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Fat burn: For whom and how?

Teaching your body how to burn fat for fuel (rather than carbohydrates/sugar) provides many health benefits, including enhancing athletic performance. There are specifically three groups of athletes who benefit most from creating this metabolic shift:

  • Those who want to lose weight.
  • Those interested in enhancing health and longevity.
  • Those who experience poor GI distress during training or racing.

If you’re an athlete interested in losing weight, research shows that reduced carb lifestyles are more effective and efficient at reducing body fat and enabling weight loss maintenance. Appetite decreases, as do cravings, and satisfaction increases as you are eating healthy, nutrient-dense foods, all while witnessing performance gains.

For those who want to enhance health and longevity, burning fat for fuel is key. This is because when you are a sugar burner you create more free radicals. Free radicals are dangerous to normal cellular processes. Athletes already create more free radicals than the average person, so adding large amounts of sugar to the mix can lead to disaster such as increased risk of injury, faster aging and general inflammation.

If you experience GI distress, you may find relief through fat-adaption. For some people, certain forms of sugar, like fructose, cause GI distress. These carbs can also cause bloating, abdominal discomfort and diarrhea from the bacterial fermentation of the carbs and osmolarity shifts in the gut.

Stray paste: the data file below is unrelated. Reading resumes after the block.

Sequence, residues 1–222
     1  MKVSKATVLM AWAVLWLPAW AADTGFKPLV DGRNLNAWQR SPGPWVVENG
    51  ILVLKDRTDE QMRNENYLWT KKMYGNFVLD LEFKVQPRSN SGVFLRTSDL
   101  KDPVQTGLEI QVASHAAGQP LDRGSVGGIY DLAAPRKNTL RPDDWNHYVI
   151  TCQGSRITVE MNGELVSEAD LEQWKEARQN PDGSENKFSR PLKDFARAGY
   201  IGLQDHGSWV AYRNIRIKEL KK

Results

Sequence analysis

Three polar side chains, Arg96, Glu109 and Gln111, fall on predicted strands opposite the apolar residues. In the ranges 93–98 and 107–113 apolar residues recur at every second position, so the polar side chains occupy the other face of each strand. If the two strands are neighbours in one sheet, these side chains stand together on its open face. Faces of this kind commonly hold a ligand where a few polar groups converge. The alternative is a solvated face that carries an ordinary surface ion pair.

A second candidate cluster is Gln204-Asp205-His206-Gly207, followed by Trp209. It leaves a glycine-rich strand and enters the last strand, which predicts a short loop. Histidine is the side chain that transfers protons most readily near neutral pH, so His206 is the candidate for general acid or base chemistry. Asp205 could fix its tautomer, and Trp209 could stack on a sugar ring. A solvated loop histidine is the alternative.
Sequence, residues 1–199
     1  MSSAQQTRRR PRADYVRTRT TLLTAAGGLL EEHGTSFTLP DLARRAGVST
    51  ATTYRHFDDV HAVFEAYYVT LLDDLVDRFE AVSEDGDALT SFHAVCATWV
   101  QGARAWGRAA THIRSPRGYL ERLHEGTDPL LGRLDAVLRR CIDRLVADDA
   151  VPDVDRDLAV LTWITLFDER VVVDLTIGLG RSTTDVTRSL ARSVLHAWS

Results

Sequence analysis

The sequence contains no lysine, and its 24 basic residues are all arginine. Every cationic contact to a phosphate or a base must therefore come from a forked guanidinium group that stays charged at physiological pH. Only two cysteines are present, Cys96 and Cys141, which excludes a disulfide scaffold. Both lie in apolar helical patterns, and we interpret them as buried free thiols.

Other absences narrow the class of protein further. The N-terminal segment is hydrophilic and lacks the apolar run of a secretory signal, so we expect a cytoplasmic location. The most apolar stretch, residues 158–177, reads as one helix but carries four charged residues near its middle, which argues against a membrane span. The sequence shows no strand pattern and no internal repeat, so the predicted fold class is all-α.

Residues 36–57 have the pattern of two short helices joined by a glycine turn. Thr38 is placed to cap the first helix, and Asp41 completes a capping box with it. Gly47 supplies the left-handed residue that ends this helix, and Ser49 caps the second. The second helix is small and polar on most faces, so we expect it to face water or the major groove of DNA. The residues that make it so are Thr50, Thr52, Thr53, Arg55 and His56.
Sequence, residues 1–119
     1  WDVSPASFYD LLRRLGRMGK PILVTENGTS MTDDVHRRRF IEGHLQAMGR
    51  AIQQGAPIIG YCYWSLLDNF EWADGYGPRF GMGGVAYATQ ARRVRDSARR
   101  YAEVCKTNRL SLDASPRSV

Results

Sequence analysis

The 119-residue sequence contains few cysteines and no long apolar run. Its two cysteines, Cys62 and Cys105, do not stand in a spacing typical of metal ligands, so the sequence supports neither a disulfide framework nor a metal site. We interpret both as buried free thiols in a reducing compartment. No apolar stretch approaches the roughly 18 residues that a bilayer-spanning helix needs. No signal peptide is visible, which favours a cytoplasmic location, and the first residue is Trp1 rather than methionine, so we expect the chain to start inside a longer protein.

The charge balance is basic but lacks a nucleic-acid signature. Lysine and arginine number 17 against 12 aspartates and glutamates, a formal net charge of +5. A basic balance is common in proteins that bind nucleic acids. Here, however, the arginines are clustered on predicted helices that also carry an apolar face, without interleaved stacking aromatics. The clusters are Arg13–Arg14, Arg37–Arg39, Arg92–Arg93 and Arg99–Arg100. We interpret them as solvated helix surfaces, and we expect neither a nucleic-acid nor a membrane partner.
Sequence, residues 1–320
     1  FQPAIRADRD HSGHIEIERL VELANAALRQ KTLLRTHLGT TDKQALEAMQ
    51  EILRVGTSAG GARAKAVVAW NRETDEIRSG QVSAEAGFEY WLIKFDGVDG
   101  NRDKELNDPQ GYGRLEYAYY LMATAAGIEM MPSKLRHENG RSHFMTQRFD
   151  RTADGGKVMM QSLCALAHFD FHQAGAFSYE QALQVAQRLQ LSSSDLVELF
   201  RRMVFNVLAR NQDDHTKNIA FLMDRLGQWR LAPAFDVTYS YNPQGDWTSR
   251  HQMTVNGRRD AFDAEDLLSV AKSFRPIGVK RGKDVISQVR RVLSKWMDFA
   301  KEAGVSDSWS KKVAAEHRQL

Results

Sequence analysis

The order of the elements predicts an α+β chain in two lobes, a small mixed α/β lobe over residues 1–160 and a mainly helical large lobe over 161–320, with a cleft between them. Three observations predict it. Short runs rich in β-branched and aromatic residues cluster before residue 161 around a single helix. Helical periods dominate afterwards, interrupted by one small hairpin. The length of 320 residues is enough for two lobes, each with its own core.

If you’re interested in experiencing the positive impacts of fat-adaptation, follow these generalized steps:

  • Change your diet. Eat lower glycemic index carbs (high fiber, low sugar) like green leafy vegetables, asparagus, broccoli and cauliflower. Reduce/eliminate grains, choose full fat plain Greek yogurt with berries, seeds and nuts. Eat fatty cuts of meat with your lower-glycemic vegetables. Add butter, MCT oil, olive oils, avocado and cheese (if tolerated).
  • Focus on nutrient timing. After exercise, backload your carbs without overestimating your needs. Have more carbohydrates with your evening meal over others. If you have muscle fatigue during your next workout, you may need more post-activity carbs. Focus on berries, sweet potatoes, winter squash and rice because they stimulate less of an inflammatory response.

It’s important to note that it takes the body at least six weeks to successfully create this metabolic shift. For the first four weeks, decreasing duration and intensity of exercise sessions is key; give your body time and compassion to switch the type of fuel it uses. Also, recognize that a well-formulated meal plan may be essential to your ultimate success. If you’ve given this a try and still don’t feel your best, that means something is off and it’s time to contact a professional knowledgeable in fat-adaptation to help you succeed. Before you know it, you will be a fat-burning machine!

Ashley Lucas has a doctorate in sports nutrition and chronic disease. She is also a registered dietitian nutritionist. She is the founder and owner of PHD Weight Loss and Nutrition, offering weight management and wellness services in the Four Corners. She can be reached at 764-4133.